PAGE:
According to Mead, the “generalized other” refers to the collective attitudes, values, and expectations of the community or society in which an individual lives. These shared beliefs and norms provide a framework for how individuals see themselves and others, and they help to shape an individual’s sense of identity and selfhood.
The generalized other is a key aspect of Mead’s theory of symbolic interactionism, which emphasizes the importance of language and communication in shaping social reality. Through interactions with others, individuals come to understand and internalize the shared meanings and values of their social environment, which in turn shapes their actions and behaviors.
The concept of the generalized other has been influential in a wide range of fields, including sociology, psychology, and communication studies. It has been used to explain how individuals learn and adopt cultural norms and values, as well as how social groups and communities develop collective identities and shared understandings.
9. Need disposition.
Ans: The term “disposition” refers to a person’s general tendency or inclination to think, feel, and behave in certain ways. It encompasses a wide range of personality traits, such as openness, conscientiousness, extroversion, agreeableness, and neuroticism, which have been identified by personality psychologists as important factors in determining a person’s behavior and attitudes.
Dispositions are thought to be relatively stable over time and to have a genetic component, although they can also be influenced by environmental factors such as upbringing, education, and life experiences. They can be positive or negative, and they can have both advantages and disadvantages depending on the situation.
For example, someone with a disposition toward conscientiousness might be highly organized and responsible, but they might also be prone to perfectionism and rigidity. Someone with a disposition toward openness might be creative and imaginative, but they might also be more prone to anxiety and existential questioning.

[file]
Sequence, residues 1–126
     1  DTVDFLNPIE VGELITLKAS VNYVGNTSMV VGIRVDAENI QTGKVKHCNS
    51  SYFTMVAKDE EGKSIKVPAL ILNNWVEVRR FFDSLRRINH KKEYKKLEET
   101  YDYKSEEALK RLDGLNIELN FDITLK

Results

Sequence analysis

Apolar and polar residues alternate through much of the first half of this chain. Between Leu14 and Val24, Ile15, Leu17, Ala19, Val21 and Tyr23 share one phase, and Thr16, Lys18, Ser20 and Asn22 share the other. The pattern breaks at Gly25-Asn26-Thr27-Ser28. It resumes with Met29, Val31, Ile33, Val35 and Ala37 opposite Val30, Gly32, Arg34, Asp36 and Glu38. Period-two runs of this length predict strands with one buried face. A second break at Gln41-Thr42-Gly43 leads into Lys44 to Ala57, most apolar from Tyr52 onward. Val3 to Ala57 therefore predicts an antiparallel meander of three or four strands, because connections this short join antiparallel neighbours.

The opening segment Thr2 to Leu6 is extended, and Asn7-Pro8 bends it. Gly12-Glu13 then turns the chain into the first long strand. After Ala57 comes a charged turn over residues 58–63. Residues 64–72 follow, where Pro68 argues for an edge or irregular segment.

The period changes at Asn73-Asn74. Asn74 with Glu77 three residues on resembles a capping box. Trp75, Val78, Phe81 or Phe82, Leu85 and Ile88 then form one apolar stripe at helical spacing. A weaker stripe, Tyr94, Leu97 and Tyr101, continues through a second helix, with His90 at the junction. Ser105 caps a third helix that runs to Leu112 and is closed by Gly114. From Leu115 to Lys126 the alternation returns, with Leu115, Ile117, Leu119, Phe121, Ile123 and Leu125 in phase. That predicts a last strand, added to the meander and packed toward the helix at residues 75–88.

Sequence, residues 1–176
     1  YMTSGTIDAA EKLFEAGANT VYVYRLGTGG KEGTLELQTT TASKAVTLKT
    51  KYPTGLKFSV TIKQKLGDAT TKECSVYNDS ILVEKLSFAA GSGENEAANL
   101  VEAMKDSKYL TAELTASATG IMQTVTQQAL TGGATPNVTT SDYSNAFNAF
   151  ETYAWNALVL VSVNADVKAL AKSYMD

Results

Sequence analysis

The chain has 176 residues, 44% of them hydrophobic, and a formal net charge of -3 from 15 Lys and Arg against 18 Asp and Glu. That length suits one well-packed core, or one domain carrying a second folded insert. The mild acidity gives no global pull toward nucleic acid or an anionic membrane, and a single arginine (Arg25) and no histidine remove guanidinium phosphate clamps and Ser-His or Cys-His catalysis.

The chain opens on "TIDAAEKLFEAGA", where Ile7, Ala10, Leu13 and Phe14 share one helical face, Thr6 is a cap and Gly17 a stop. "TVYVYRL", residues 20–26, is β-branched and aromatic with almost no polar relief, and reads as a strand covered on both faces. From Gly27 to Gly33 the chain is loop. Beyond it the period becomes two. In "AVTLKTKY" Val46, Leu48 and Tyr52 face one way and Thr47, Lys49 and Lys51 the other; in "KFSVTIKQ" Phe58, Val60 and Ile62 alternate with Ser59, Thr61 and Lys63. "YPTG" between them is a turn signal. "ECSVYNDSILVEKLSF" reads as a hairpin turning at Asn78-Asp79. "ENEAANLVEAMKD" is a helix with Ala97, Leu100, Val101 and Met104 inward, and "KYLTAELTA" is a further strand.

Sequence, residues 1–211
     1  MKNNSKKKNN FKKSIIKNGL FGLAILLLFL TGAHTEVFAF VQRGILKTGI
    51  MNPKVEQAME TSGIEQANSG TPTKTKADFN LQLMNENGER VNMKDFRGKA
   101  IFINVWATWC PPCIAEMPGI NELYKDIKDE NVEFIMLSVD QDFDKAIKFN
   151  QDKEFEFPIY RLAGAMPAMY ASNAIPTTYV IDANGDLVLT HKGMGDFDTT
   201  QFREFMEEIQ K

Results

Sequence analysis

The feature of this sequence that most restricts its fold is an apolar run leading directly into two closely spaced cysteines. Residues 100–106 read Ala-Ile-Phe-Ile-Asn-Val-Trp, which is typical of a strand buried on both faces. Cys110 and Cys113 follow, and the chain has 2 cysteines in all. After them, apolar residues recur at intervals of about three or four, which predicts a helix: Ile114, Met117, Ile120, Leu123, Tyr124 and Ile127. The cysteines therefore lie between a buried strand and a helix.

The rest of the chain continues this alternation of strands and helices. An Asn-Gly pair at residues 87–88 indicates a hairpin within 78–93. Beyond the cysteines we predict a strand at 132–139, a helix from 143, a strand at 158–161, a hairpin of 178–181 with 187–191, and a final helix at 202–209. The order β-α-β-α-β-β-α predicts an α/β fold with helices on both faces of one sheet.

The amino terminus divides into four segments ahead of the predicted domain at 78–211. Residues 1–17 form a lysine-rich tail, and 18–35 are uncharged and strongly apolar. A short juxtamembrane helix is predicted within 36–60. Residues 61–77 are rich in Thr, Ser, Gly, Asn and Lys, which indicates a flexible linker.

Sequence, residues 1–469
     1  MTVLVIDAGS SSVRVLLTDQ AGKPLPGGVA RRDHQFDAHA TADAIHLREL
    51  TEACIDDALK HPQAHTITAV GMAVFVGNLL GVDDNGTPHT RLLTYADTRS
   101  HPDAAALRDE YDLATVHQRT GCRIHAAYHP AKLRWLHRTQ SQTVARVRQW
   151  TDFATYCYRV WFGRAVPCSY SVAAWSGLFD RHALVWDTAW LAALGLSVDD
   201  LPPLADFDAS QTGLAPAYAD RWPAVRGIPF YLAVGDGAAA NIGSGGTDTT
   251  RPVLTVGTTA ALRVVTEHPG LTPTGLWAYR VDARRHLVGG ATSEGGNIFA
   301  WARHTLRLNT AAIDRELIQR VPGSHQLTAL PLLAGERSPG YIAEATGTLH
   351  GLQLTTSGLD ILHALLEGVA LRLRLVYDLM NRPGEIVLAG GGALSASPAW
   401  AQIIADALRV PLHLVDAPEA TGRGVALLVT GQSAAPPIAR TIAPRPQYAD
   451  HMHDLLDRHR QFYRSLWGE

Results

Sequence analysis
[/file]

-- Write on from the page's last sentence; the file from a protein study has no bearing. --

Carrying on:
The study of dispositions is important in a wide range of fields, including psychology, sociology, and education, as it helps to explain why individuals differ in their thoughts, feelings, and behaviors. It also provides a framework for understanding how dispositions can be influenced and changed, and how they can be used to promote positive outcomes in personal and social contexts.
10. New Left.
Ans: The New Left is a political movement that emerged in the 1960s in response to what its adherents saw as the failures of traditional left-wing politics. The New Left rejected the authoritarianism and bureaucratic organization of traditional socialist and communist parties, and instead emphasized a decentralized, participatory form of democracy.
The New Left was characterized by its focus on civil rights, anti-war activism, and environmentalism, as well as its opposition to what it saw as the homogenizing effects of consumer culture and mass media. It also emphasized the importance of cultural and identity-based struggles, particularly in relation to issues of gender, sexuality, and race.
The New Left was closely associated with the student protest movements of the 1960s, particularly in the United States and Europe, and was often associated with countercultural movements such as the hippie and anti-establishment movements. It was also influential in the development of new social movements such as feminism, environmentalism, and anti-racism.
The legacy of the New Left can be seen in the continued emphasis on social justice and democratic participation in contemporary progressive politics. It also played a role in the development of the academic field of cultural studies, which explores the intersection of culture, politics, and society. While the New Left was often criticized for its lack of clear political goals and strategies, its emphasis on participatory democracy and social justice has continued to shape contemporary political discourse.